On the eve of "Diada", Catalonia's "national day", which traditionally brings hundreds of thousands of separatists out on the streets, AFP reviews the region's independence crisis.
Nearly a year after the failed attempt to break away from Spain, the situation remains deadlocked.
- State of play -
Catalonia's parliament declared independence on October 27 following the banned October 1 independence referendum, which was marred by clashes between police officers and voters.
The declaration triggered Spain's worst political crisis since the restoration of democracy following the death of dictator Francisco Franco in 1975.
Spain's central government, headed at the time by conservative Mariano Rajoy, responded by suspending the autonomy of the wealthy northeastern region which is home to some 7.5 million people. He dissolved its parliament and sacked Catalonia's separatist government headed by Carles Puigdemont.
Puigdemont and several members of his government left Spain a few days later to avoid being arrested. Other separatist leaders were jailed over their role in Catalonia's independence push.
Charged with rebellion, which carries a jail term of up to 25 years, numerous Catalan separatist leaders are in exile or in prison awaiting a trial, which is expected to take place at the end of the year.
The separatists plan to use Tuesday's annual march to call for freedom for these "political prisoners" as they call them. "Diada" commemorates the fall of Barcelona in the War of the Spanish Succession in 1714 and the region's subsequent loss of institutions and freedoms.
- 'No' separatist strategy -
Separatist parties won a slim majority of 70 seats in the 135-seat Catalan parliament in early regional elections on December 21 even though they fell short of a majority of the popular vote, securing 47.5 percent in a region that remains deeply divided over the issue of independence.
While Catalonia's new leader Quim Torra, who Puigdemont picked as his successor, has defiantly relaunched the push for independence, "there is no strategy in the short, medium or long-term," said Oriol Bartomeus, a politics professor at the Autonomous University of Barcelona.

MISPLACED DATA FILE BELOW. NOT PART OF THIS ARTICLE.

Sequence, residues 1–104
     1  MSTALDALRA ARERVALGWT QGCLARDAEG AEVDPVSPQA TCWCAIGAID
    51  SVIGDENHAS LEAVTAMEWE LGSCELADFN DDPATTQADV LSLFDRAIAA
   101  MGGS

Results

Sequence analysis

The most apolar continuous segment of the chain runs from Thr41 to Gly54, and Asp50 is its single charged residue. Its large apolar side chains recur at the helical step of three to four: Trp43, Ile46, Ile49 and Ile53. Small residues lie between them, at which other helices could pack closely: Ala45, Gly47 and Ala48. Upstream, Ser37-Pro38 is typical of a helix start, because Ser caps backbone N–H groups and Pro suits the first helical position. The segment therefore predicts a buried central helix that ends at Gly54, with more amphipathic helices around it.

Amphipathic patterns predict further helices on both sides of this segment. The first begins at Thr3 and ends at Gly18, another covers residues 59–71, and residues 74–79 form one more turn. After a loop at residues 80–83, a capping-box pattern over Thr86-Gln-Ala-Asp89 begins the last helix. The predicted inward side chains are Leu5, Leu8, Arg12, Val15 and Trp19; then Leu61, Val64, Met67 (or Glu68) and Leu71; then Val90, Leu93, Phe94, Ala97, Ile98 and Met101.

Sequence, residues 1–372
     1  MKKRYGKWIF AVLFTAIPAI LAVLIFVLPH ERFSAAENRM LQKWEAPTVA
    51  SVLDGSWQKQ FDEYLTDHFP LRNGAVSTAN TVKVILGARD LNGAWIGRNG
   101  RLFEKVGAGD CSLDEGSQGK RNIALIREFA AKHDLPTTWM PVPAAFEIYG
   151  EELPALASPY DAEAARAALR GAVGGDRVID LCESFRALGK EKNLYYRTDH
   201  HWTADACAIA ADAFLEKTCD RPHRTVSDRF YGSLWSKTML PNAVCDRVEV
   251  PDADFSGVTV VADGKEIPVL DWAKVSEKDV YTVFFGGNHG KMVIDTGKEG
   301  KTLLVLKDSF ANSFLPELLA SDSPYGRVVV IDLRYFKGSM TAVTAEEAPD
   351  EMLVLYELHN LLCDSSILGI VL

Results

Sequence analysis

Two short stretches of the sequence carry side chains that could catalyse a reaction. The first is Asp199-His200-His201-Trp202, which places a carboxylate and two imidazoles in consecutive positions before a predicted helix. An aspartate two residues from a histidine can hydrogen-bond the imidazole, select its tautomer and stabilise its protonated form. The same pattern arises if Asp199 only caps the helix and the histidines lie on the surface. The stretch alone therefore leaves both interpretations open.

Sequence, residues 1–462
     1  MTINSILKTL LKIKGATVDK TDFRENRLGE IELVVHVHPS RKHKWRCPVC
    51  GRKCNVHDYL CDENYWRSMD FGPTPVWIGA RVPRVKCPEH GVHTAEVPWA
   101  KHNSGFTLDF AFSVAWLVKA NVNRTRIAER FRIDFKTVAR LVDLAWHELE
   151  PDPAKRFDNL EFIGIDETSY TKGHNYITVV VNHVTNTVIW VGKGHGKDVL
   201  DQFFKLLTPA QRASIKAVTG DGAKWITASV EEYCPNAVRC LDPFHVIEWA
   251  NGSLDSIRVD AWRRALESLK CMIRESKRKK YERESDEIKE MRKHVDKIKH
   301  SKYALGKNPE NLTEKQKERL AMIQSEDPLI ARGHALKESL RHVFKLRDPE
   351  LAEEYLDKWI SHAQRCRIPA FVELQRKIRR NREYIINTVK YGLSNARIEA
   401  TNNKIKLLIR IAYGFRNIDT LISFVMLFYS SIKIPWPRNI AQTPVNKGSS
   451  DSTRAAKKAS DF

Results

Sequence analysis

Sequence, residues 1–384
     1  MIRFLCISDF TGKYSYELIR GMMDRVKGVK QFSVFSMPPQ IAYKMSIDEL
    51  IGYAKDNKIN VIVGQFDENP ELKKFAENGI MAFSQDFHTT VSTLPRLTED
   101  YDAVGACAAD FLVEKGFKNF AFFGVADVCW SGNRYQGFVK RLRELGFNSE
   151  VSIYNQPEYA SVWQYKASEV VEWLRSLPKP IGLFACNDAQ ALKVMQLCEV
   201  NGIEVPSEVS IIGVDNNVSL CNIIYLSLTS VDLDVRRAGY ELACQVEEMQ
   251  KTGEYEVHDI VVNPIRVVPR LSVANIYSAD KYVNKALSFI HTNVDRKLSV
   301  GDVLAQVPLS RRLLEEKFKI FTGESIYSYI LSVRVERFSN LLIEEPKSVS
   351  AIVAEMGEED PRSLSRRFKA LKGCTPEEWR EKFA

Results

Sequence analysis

"Listening to the speeches of the separatist leaders, it seems like there is no plan. There is a sort of hangover with respect to last year," he added.
The separatist camp is split over the way ahead with pro-independence party ERC adopting a more cautious stance than Torra.
Gabriel Rufian, an ERC member of Spain's parliament, on Sunday called for the bubble of "magical independence" to be burst, in a reference to announcements by separatists leaders which then had no effect.
Bartomeus said he did not believe the Catalan government, which regained its autonomy once Torra came to power, would stage another referendum or make another declaration of independence.
But he warned that if Catalan separatist leaders are sentenced to jail, this could lead to "an act of disobedience to capitalise on the dissatisfaction of the separatist base".
- Dialogue of the deaf -
Spain's new Socialist Prime Minister Pedro Sanchez -- catapulted to power in June with the support of Catalan separatist parties in a no-confidence vote that ousted Rajoy -- has taken a softer line on Catalonia.
He has renewed dialogue with the Catalan government and last week offered Catalonia a referendum on greater autonomy.
Torra swiftly rejected the proposal and warned that if Madrid did not allow the region to hold a legally binding independence referendum his government would enforce the "mandate" of the banned October 1 plebiscite, a move that would see Madrid once again suspend Catalonia's autonomy.
A majority, around two million people, voted for independence in the October ballot, but turnout was low as opponents did not show up for a vote Spain declared illegal. The results were not recognised internationally.